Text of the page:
It is impossible to grasp Dziga Vertov’s film and theoretical work independently of the ideology of progress. If we accept that this ideology no longer carries the same force for the left, how are we to rethink Vertov’s work, more than 100 years after the 1917 Revolution? Is a Communist film practice possible absent some ideology of progress?
The progressivist ideology that shaped early Soviet culture had multiple sources. To be sure, some of those can be found in Marx, who wrote in Das Kapital, “capitalist production begets, with the inexorability of a natural process, its own negation.” We should not forget that ideologies of progress long predate Marxism, however, and find their roots in post-French Revolution liberal thought. Nonetheless, it can be argued that early Soviet culture articulated progressive hopes with particular persistence and intensity; attempted in many cases to abet their realization; and (therefore) must be reevaluated in the wake of the disappointment of those hopes. The films of Dziga Vertov offer a particularly fraught instance of a corpus difficult to assimilate in the wake of progress. This talk will both suggest several ways that Vertov might be re-read post-progress, while reflecting on the price that our political imaginations might have to pay for such a re-reading.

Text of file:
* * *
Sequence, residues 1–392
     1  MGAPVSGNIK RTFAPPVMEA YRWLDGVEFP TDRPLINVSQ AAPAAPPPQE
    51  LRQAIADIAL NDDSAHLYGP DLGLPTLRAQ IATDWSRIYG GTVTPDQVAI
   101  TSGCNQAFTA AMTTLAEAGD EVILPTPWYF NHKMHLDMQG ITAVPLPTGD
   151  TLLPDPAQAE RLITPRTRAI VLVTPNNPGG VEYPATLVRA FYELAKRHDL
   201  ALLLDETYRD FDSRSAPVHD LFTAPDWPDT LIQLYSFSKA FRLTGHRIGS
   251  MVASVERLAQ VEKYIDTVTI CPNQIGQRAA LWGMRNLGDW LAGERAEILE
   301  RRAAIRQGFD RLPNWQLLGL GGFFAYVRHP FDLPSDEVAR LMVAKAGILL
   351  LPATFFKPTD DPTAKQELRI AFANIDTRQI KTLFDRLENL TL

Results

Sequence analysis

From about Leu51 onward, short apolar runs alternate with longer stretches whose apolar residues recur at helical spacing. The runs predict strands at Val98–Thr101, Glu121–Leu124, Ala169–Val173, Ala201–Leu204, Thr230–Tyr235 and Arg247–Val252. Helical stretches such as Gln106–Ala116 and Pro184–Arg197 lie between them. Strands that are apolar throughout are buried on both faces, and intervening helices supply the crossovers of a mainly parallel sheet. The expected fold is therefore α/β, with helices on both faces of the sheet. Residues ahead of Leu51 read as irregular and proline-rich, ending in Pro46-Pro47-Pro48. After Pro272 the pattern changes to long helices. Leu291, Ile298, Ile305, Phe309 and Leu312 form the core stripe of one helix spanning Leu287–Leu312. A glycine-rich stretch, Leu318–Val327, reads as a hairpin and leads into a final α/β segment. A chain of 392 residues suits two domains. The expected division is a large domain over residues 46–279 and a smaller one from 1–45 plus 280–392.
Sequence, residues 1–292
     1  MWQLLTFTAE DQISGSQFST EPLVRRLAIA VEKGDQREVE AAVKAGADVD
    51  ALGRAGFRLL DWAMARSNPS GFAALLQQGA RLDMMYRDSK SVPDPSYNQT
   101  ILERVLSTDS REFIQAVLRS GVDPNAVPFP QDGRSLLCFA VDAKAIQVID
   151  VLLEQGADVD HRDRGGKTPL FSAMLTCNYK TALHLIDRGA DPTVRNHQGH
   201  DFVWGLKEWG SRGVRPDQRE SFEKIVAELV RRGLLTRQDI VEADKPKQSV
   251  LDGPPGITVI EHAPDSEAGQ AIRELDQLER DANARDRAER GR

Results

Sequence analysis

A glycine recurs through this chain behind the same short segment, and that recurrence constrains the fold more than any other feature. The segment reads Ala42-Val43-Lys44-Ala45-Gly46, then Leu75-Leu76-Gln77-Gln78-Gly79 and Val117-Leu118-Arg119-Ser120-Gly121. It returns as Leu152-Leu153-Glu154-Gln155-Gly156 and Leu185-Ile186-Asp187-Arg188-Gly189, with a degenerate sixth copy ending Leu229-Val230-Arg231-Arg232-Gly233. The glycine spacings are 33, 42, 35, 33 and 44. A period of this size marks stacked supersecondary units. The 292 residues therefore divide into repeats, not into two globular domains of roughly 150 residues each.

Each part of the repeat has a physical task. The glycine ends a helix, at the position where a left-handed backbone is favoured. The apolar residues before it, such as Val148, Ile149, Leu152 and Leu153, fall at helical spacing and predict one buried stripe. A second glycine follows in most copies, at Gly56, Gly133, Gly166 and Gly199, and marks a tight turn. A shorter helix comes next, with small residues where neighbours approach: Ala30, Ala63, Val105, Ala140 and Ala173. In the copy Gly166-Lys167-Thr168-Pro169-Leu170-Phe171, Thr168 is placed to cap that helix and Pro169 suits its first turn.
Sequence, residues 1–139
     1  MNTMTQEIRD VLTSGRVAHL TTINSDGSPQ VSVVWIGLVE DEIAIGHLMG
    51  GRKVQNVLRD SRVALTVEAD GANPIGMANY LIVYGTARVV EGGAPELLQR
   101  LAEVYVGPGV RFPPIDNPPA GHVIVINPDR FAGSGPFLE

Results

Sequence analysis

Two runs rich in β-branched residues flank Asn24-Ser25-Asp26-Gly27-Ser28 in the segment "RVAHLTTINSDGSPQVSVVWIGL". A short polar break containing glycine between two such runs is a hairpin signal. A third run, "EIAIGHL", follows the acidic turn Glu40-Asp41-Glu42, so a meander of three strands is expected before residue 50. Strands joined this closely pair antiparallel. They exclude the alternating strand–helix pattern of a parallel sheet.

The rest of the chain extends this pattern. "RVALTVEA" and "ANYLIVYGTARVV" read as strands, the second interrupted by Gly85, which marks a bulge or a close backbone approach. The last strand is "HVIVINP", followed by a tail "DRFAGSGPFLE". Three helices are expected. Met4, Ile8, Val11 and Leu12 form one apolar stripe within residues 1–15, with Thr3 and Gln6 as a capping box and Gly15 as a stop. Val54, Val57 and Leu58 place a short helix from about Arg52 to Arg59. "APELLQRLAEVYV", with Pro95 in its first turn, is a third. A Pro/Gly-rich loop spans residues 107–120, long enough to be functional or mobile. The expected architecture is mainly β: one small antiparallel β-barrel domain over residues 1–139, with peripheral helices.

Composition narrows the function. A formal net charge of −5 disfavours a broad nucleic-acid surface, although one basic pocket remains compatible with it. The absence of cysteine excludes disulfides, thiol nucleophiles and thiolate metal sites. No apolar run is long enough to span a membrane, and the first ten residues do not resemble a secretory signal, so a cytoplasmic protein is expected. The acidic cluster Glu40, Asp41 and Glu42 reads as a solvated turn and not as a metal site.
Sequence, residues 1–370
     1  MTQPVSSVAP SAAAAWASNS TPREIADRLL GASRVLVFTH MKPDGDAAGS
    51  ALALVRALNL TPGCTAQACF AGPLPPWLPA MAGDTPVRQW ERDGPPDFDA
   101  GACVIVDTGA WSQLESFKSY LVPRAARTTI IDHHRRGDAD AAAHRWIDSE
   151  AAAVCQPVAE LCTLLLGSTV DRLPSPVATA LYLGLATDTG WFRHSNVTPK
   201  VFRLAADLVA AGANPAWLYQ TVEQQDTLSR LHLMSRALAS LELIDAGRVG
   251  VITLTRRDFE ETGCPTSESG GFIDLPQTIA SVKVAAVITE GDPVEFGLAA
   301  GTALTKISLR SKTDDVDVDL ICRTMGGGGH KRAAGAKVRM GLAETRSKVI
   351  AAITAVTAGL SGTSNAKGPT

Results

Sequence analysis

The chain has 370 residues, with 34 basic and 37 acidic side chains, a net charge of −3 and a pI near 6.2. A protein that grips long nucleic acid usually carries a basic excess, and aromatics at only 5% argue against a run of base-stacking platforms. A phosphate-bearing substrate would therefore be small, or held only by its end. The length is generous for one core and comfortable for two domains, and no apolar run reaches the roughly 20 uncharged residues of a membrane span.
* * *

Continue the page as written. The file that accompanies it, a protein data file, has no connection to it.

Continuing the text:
John MacKay received his Ph.D. in Comparative Literature at Yale University in 1998. His teaching interests include Russian, German, French, and English language and literature; comparative studies of poetry; literary theory; film history, theory, and aesthetics; documentary film; intellectual history (particularly comparative studies in modernity); Marxism; history of hermeneutics; literature and slavery; utopias; world cinema; and collage across the arts. He is currently IFK_Senior Fellow.